Click below to listen to my 2 min. Garden Bite radio show: Bird loss
I was astonished when I heard a report that North America has lots nearly 3 billion birds since 1970. Smithsonian Magazine reports that a study in Science Journal says in less than half a century, the avian population of the continent has declined by some 29 percent, or more than one in four birds.
For the first time, researchers found that threatened species aren’t the only birds suffering population loss. In fact, common birds—including sparrows and blackbirds—are taking the biggest hit. You might wonder, how they count birds.
The new study used nearly 50 years of monitoring data collected largely by bird watchers and citizen scientists. These efforts include the North American Breeding Bird Survey coordinated by the United States Geological Survey and the Canadian Wildlife Service, Audubon’s Christmas Bird Count, and the International Shorebird Survey. The team then cross-referenced bird count data with radar data from 143 weather satellites that have been used to track migrating birds at night for the last decade.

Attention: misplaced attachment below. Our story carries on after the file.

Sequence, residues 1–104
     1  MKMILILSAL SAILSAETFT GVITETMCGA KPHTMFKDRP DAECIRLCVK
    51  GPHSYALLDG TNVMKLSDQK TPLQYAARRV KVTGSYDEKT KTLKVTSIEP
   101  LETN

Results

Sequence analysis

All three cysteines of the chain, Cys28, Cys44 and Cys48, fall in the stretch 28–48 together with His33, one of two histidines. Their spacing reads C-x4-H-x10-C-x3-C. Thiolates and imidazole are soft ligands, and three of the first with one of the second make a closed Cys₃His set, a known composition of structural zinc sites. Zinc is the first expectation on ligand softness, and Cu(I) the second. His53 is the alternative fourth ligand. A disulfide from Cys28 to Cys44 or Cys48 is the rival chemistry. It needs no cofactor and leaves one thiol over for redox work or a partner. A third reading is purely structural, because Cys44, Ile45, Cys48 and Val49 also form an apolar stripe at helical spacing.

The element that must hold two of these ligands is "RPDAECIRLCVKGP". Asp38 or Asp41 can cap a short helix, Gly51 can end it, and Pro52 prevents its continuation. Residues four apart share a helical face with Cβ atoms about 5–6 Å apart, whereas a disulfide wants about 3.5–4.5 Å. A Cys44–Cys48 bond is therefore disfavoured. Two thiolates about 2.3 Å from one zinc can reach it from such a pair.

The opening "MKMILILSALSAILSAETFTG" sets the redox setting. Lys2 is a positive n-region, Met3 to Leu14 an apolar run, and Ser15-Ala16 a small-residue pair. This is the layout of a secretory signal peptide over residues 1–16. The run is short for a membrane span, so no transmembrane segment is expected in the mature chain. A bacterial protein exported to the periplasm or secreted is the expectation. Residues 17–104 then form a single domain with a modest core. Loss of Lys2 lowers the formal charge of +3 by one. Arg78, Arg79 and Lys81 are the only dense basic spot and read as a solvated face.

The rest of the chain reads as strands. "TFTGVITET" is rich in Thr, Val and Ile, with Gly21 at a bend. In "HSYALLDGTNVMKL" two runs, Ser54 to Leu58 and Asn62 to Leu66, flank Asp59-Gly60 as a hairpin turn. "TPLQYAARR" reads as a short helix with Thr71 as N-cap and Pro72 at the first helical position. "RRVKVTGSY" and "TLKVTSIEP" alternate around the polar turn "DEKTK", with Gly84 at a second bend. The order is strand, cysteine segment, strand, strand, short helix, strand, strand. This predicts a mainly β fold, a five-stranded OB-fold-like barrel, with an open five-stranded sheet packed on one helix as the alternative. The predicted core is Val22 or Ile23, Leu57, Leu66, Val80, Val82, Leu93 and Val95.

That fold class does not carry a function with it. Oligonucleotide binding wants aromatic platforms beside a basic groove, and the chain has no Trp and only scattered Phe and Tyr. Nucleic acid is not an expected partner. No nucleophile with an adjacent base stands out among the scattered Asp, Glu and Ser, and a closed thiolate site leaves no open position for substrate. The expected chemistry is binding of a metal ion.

More than 90 percent of the total loss can be attributed to just 12 bird families, including sparrows, warblers, blackbirds, larks and finches. Some of these widespread birds are so-called “habitat generalists,” or birds that can thrive just about anywhere. The large-scale loss of these hardy birds reveals the extent to which avian animals across the world are struggling to survive.
There are lots of kinds of warblers, each so pretty!
Not all birds are in decline, wetland birds and waterfowl, a subset of wetland birds are thriving, up an astounding 56 percent from 1970s numbers.
Audobon Great Lakes – Wetland restoration
Audobon Minnesota – Marshland survey